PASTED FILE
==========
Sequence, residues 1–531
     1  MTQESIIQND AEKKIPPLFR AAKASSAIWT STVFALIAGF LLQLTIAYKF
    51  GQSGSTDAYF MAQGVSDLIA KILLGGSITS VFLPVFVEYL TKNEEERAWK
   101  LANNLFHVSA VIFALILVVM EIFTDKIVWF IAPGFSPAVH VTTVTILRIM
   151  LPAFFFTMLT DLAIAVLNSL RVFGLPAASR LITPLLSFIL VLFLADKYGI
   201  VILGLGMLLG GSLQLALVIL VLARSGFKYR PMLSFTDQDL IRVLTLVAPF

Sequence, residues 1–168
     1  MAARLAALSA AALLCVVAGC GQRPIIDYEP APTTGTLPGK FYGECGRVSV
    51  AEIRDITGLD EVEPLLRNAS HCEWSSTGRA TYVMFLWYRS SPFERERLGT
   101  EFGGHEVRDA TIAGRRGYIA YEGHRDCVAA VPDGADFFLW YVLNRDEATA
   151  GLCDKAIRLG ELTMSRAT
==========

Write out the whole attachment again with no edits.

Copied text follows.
Sequence, residues 1–531
     1  MTQESIIQND AEKKIPPLFR AAKASSAIWT STVFALIAGF LLQLTIAYKF
    51  GQSGSTDAYF MAQGVSDLIA KILLGGSITS VFLPVFVEYL TKNEEERAWK
   101  LANNLFHVSA VIFALILVVM EIFTDKIVWF IAPGFSPAVH VTTVTILRIM
   151  LPAFFFTMLT DLAIAVLNSL RVFGLPAASR LITPLLSFIL VLFLADKYGI
   201  VILGLGMLLG GSLQLALVIL VLARSGFKYR PMLSFTDQDL IRVLTLVAPF

Sequence, residues 1–168
     1  MAARLAALSA AALLCVVAGC GQRPIIDYEP APTTGTLPGK FYGECGRVSV
    51  AEIRDITGLD EVEPLLRNAS HCEWSSTGRA TYVMFLWYRS SPFERERLGT
   101  EFGGHEVRDA TIAGRRGYIA YEGHRDCVAA VPDGADFFLW YVLNRDEATA
   151  GLCDKAIRLG ELTMSRAT